Blown away by the experiences of the day, together myself and Hendrik decided we’d make an early start and head up to do the hike together this time around, he was as excited about the snow was as I was, it just may be our favourite thing.
Waking at 6am peering out of the window I let out a squeak of excitement which accidently/on purpose woke Hendrik ‘Look out the window !! Wowwwww’ -this was the deepest untouched cleanest beautiful snow we’d ever seen and it had completely covered Apiti, we were in excited shock.

P1110434Deciding to enjoy this rare sight (it hadn’t snowed like this in Apiti since 1975 ) we walked around crunching the snow beneath our feet, watching as the snow fell from the sky increasing the weight on the trees, hearing almighty ‘flomps’ (thanks for the adjective Leah) as it fell down on to big piles of the white stuff. We shortly realised however that while beautiful, it had caused a power outage in the pub and the surrounding area. The snowfall was so thick and heavy it had taken out power lines. That lovely community spirit you dream of came in to place, the neighbour brought round soup to cook on the fire top and the food from the previous days delivery was being buried outside in a new natural freezer to keep fresh. 20170713_150221 Drinking booze by candlelight, surrounded by locals unable to do very little in the extreme conditions we enjoyed a simple pleasures kind of a day, it’s amazing how time slows down without the ‘distraction’ of power. Heading into the next day of no power and no hint of the snow clearing for some time. Trying to set up a friend’s generator to power the pub’s fridge was needed, and as you can guess pretty much a few moments after this being set up the power came back on. Although only 2 days without power, internet, hot water and lights it was a relief to have the comforts back as the cold was becoming uncomfortable.
I was somewhat biding my time before I was due to begin an arts residency I had been planning some 2 years ago. Helping out as much as I could at the pub I decided after a few days I would do another stint of WWOOFING at the nearby Rangiwahia Environmental arts centre.

Pulling up to Bridgette and Jim’s home I could see the historic dairy building. In April 1898 the Rangiwahia- Ruahine Cooperative Dairy Company, Limited was formed. In December 1898 the Rangiwahia Butter factory was built 600m south of the village and was opened for business. It was built on a sloping section using gravity to save labour and pumping. It was great piece of history and was home to the workshop of the REACT art centre that Bridgette and Jim had set up some years previously. 2081338_orig The ethos behind the charity organisation is promoting sustainability in creativity, reusing projects to promote waste minimisation with resources that are found locally. Bridgette and Jim are a great buzzy couple and it wasn’t long before myself and British Jim realised we had worked with the same festival art makers in the UK. Hard working, travelling, anarchistic and driven, it was an insightful few days. Their world travelling truck ‘Beattie’ has taken them both around the world enhancing the connection between community and art, Bridgette showed me the giant puppets designed, created and performed by a diverse range of inspiring women for International Women’s Day.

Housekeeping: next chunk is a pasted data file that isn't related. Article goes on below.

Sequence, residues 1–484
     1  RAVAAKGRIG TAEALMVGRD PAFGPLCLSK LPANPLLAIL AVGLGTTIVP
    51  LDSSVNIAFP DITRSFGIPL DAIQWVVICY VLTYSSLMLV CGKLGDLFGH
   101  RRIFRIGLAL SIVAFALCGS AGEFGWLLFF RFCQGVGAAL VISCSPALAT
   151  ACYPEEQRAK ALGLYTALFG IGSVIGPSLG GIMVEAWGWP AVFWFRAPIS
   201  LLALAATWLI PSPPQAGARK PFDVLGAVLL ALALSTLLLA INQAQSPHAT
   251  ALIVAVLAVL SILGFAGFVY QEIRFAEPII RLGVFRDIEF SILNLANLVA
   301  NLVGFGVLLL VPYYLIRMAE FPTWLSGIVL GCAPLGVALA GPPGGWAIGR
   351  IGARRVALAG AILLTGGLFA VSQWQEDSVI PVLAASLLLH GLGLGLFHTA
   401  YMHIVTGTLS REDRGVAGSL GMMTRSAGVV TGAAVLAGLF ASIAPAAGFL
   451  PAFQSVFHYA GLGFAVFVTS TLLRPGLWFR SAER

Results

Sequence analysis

P1110461Another offshoot of the organisation is what they refer to as Junk and Disorderly:-
‘Junk refers to the stuff we use, and Disorderly is how we can get when we’re let loose on the streets’ Full of wonderful ideas, for the greater good – how inspiring indeed.

‘Something we’ve made a name for ourselves with,
Lighting up the Night with Community Spectacles.
Made by the People, Enjoyed by the People.
Intergenerational, Multi cultural, Very Pleasurable.’

Willow provided the base material for many projects. I found myself harvesting the willow crop and planting willow cuttings alongside the nearby gorge which will provide workable willow in the next year or two. There is something so simple and rewarding about becoming part of the whole process, from willow shoot to creative joyful projects enhancing imagination and connections between people. It is humbling to be immersed in such a selfless idea, turning passion into reality and creativity.

http://www.rangienviroartscentre.org

 

Soundtrack: Kate Bush – 50 Words For Snow

 

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Into The Great Snowy South ❆

DSC_0519As previously mentioned in the last blog, I finally made it back to Auckland, despite the cancelled flight and the best part of 2 days spent in the airport terminal. It was all ok really, I wound up staying in much smarter accommodation than I had booked , complete with room service (4 toasties at 2am no less) I was in no rush to get back to Christchurch either, but I was getting pangs of helplessness and just wanted to get back into my trusty car and drive off.